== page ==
(Dr. Dennis Spackman, M.D., graduated from Open Bible College International in the 1980s. He lived in New Zealand where he practiced medicine for many years. He and his wife, Rowan, as well as his brother, Neil, who handles all his books, study materials, including over 6000 taped Bible studies, became our dear friends. Sue and I visited, were guests in their home, and preached several times in the church Dr. Spackman started in NZ. Dr. Spackman went to be with the Lord in 2007. We will place the entire study on the Blood of Jesus Christ on this site in several installments. Since the study is transcribed from taped sessions, I have taken the liberty to omit some comments related to local events. Dr. Spackman gave me permission to edit and use any and all of his materials.–DR )
“For the life of the flesh is in the blood: (that is a sweeping statement – “for the life of the flesh is in the blood”) and I have given it to you upon the altar to make an atonement for your souls: for it is the blood that maketh an atonement for the soul.” (Leviticus 17:11) “For it is the life of all flesh; the blood of it is for the life thereof:…” (Leviticus 17:14)
The point that we make here is that the life of the flesh is in the blood. It is the life of all flesh. Now if you think about life for a moment, do you know what is life? That mysterious something that science so far, has never been able to define or fathom out, is said by God, in these two verses, to be in the blood of the flesh. There can be no life without blood. We are talking about human beings, we are not talking about amoeba and paramecia and those organisms, and we are talking about humans and animals.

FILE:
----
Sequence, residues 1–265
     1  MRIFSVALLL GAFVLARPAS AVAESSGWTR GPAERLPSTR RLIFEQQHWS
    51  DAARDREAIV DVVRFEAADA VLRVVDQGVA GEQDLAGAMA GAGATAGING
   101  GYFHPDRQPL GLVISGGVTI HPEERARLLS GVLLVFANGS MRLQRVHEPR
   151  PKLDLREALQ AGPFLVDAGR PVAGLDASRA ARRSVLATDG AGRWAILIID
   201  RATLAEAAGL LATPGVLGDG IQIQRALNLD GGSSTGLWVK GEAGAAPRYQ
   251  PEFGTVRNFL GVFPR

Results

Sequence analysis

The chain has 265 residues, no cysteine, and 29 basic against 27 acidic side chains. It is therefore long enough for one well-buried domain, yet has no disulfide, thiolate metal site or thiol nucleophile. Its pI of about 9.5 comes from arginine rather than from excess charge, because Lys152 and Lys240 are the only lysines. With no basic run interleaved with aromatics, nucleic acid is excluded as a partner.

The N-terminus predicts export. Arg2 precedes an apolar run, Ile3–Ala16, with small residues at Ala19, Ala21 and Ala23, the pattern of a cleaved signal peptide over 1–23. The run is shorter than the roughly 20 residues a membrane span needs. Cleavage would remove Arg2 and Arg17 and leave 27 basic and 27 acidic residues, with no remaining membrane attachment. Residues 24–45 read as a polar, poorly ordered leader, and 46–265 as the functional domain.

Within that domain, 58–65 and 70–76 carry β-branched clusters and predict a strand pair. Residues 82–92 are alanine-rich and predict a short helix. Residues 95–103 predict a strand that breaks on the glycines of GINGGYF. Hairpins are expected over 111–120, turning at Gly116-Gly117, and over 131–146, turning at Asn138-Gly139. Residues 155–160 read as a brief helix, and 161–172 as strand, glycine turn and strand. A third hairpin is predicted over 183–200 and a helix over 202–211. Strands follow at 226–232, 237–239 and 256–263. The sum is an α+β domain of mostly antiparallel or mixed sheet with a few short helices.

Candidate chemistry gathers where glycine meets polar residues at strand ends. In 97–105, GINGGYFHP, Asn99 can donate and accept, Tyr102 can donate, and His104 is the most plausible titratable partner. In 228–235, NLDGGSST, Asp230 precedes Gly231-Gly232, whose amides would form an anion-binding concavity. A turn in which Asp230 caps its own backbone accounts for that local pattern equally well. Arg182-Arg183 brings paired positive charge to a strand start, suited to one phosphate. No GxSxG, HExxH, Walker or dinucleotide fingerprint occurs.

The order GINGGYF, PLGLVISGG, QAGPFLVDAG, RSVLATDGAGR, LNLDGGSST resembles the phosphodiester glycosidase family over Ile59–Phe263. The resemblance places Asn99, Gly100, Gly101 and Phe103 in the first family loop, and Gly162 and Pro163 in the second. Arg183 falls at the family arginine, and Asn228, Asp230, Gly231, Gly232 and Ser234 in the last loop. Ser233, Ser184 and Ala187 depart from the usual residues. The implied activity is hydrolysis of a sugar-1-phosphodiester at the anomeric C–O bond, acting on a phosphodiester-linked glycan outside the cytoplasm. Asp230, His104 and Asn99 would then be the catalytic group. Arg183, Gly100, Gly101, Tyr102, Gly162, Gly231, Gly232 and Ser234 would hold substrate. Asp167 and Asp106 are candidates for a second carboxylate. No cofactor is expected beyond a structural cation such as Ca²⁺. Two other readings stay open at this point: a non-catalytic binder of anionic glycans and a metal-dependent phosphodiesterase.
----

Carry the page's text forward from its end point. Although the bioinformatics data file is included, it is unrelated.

There can be no life without the blood. While this is certainly true of all flesh, we are immensely interested in human blood. We are not interested in rabbit blood, we are interested in human blood, and particularly in the blood of one Person, Christ Jesus. In His blood was not only life as we think of it physically, but also in His blood there was eternal life as well.
One of the things which you probably seldom think about is human blood. What is it? Medical doctors deal a lot with human blood. Well, it is fluid, it is mobile and it is not just in your big toe or your liver, it is over the whole part of your body. It is free to move, blood corpuscles can go over your body from the top of your head to the tip of your toe.
Blood touches every cell in your body and supplies it with nourishment and it takes away waste products. Quite an incredible tissue, we call it a tissue, in medicine. How much have you got? If you are nice and fit, you have about eleven pints, if you are an adult, you will be interested to know that it takes twenty three seconds for it to go right through the body and come back to square one again.
In surgery doctors put a particular anesthetic into a vein in a man’s arm and it takes about seven seconds for that to reach his brain. Now here is a good question: how does my blood differ from that of an Eskimo, or a Red Indian or a Zulu? The answer is – it doesn’t differ at all!
Turn with me to Acts chapter 17. And it is very important to get this. You see, if I am in a car accident and I am up in Alaska and I have to have a blood transfusion, I can have a blood transfusion from an Eskimo.
Look at verse 24, and I again I remind you that this is a very important verse, and note that it is Paul speaking: “God that made the world and all things therein, seeing that he is Lord of heaven and earth, dwelleth not in temples made with hands; (25) Neither is worshipped with men’s hands, as though he needed any thing, seeing he giveth to all life, and breath, and all things: now look at verse 26 (this is the important one) (26) And hath made of one blood (who?) all nations of men (put a ring around “all”) for to dwell on all (put a ring around the second “all”) the face of the earth and hath determined the times before appointed, and the bounds of their habitation.”
God has set boundaries in the world for different races and different nations. No doubt about that! But in verse 26 – “He hath made of one blood all nations of men for to dwell on all the face of the earth.” So there is no such thing as “Irish Blood,” no such thing as “Jewish Blood,” no such thing as “Blue Blood.”